Thursday, January 21, 2016
"Oneness and sickness cannot co-exist. God's teachers choose to look on dreams a while. It is a conscious choice. For they have learned that all choices are made consciously, with full awareness of their consequences. The dream says otherwise, but who would put his faith in dreams, once they are recognized for what they are? Awareness of dreaming is the real function of God's teachers. They watch the dream figures come and go, shift and change, suffer and die. Yet they are not deceived by what they see. They recognize that to behold a dream figure as sick and separate is no more real than to regard it as healthy and beautiful. Unity alone is not a thing of dreams. And it is this God's teachers acknowledge as behind the dream, beyond all seeing and yet surely theirs."
(A Course in Miracles, Manual for Teachers.12)
Friday, January 15, 2016
Having just finished "Discovery of the Presence of God" (Devotional Nonduality), by Dr. David Hawkins, I felt I had to write down a few points on why I liked some of the material, and yet overall found the DH "path" to be a dead-end.
It was the third book by David Hawkins that I read (the other being a voluminous text "The Eye of the I"), and also having gone through "Letting Go".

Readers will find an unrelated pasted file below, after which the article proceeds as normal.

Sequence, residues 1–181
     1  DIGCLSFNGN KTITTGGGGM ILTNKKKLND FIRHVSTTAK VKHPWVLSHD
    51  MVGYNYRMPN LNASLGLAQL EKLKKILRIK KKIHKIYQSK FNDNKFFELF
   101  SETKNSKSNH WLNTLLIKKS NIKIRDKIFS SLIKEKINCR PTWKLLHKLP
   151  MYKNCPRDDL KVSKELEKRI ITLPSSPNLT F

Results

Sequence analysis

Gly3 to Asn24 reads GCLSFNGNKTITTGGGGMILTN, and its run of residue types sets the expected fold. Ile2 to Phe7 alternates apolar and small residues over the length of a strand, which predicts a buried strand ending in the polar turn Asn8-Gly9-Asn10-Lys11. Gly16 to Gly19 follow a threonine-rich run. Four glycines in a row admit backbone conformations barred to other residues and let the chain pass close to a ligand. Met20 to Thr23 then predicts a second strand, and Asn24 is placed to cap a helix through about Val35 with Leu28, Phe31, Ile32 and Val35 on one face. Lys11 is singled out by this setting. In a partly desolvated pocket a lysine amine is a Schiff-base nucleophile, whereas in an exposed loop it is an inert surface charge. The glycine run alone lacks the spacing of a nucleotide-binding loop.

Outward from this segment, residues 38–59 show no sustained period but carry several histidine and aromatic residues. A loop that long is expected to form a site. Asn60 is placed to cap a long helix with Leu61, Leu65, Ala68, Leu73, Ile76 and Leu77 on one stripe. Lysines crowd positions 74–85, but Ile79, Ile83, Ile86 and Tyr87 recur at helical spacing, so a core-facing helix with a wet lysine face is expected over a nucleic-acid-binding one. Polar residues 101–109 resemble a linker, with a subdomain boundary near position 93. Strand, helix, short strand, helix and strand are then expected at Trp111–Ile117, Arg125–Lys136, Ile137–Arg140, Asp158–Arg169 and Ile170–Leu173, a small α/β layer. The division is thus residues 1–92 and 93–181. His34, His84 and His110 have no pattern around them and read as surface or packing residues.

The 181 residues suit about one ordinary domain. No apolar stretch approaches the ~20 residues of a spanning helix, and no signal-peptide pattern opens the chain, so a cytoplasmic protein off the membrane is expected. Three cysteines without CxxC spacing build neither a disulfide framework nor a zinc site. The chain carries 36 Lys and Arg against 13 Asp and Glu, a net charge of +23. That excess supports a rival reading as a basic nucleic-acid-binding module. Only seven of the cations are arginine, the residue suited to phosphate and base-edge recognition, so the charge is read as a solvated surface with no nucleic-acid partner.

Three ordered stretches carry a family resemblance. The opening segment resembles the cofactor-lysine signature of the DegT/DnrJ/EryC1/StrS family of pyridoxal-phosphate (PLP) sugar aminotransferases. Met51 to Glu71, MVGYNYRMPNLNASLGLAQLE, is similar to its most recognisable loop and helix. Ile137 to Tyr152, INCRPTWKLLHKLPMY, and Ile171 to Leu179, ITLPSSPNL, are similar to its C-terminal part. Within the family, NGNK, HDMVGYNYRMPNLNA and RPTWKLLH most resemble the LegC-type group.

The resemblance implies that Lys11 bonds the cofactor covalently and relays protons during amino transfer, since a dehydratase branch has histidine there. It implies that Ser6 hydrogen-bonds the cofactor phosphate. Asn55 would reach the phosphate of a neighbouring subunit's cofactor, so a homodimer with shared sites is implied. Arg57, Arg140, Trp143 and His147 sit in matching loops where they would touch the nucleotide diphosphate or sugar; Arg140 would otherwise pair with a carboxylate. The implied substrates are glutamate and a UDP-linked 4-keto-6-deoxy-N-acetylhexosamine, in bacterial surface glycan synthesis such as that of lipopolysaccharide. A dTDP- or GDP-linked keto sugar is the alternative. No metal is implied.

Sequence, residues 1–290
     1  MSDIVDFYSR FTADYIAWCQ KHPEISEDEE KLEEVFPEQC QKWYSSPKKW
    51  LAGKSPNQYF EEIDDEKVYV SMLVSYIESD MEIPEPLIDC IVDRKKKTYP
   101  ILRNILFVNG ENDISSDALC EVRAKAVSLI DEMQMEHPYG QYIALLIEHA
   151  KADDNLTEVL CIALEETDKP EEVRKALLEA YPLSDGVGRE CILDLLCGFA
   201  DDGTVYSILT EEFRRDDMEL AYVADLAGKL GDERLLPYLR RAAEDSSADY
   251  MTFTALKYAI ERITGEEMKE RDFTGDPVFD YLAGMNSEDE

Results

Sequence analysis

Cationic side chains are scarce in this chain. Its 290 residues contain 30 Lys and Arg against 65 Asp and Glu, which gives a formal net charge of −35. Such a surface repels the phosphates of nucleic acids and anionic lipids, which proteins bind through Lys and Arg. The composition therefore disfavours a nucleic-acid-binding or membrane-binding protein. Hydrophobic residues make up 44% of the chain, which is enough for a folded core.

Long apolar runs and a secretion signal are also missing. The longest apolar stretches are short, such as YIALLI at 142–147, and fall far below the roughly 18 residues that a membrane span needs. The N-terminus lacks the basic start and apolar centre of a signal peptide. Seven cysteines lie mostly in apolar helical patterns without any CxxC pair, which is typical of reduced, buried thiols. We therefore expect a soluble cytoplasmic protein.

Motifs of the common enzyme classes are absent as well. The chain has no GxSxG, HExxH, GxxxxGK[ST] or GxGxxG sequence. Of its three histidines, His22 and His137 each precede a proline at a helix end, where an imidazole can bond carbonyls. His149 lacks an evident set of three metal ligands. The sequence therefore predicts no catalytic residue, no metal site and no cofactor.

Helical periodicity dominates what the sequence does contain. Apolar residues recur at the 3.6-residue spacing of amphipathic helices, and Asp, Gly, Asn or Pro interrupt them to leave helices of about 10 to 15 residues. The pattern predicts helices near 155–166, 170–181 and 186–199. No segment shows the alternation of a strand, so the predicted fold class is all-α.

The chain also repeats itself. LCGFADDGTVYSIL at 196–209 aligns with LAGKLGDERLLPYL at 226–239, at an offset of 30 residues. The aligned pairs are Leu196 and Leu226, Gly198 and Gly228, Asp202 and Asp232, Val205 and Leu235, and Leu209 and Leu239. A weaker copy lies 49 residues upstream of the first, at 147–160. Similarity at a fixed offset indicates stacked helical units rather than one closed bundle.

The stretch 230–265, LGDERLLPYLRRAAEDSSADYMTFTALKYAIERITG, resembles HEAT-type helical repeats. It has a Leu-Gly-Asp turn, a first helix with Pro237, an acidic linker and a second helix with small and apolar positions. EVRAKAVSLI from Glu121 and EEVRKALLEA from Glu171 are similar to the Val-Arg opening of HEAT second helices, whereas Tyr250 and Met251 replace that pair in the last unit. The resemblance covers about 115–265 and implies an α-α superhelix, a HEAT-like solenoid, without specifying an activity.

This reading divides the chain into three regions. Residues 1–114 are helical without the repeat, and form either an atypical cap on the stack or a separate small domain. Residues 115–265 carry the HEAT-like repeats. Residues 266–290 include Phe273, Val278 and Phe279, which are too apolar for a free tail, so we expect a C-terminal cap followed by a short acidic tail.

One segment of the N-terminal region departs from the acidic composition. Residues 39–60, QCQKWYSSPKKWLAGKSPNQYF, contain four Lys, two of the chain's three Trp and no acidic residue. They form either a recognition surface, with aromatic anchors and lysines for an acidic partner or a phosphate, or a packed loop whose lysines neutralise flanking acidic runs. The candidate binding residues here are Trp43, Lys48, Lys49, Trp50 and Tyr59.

Things I like about DH's writings:
- his precise language in getting down concepts related to spirituality, mysticism, and nonduality
- the overall structure he lays out with regards to the ego/personal self, the witness, observer, etc. and the need to transcend the personal self, in favour of allowing the Self/no-self/etc. to become apparent
- the emphasis on 'sacrificing' or giving up the 'juice' or payoff of being the 'experiencer' in place of being the witness of the experience (which works well with the traditional yoga paths- karma yoga, bhakti yoga and jnana yoga)
- most of the practices he comments on (e.g. self-inquiry, single-pointed meditation etc.) have well documented and well-known effectiveness
- there is a definite laying out of DH own opinions and 'map of consciousness' as he sees it, no beating around the bush or ambiguity, as some other writers often do (e.g. "Well all paths lead to the top", "All paths are good" type magical thinking).
However, the above is unfortunately negated by the following points:
- the emphasis throughout on using DH's arbitrary, weird and wonderful system of "Conscousness Calibration" or using Kinesiology muscle testing to verify the 'Truth and Consciousness level' of teachings, teachers, people, places, (and anything) on a scale of 0-1000.
- the above "map" is seems to be mostly fictional, and is blatantly incorrect (see below) in places, but is portrayed as being completely scientific, absolutely true, verifiable, repeatable etc.
- occasional incorrect entries in the texts, showing either DH own unfamiliarity with certain teachings, which lead one to question how these teachings/concepts could have been properly 'calibrated' when the "founder" didn't quite understand what the teachings were: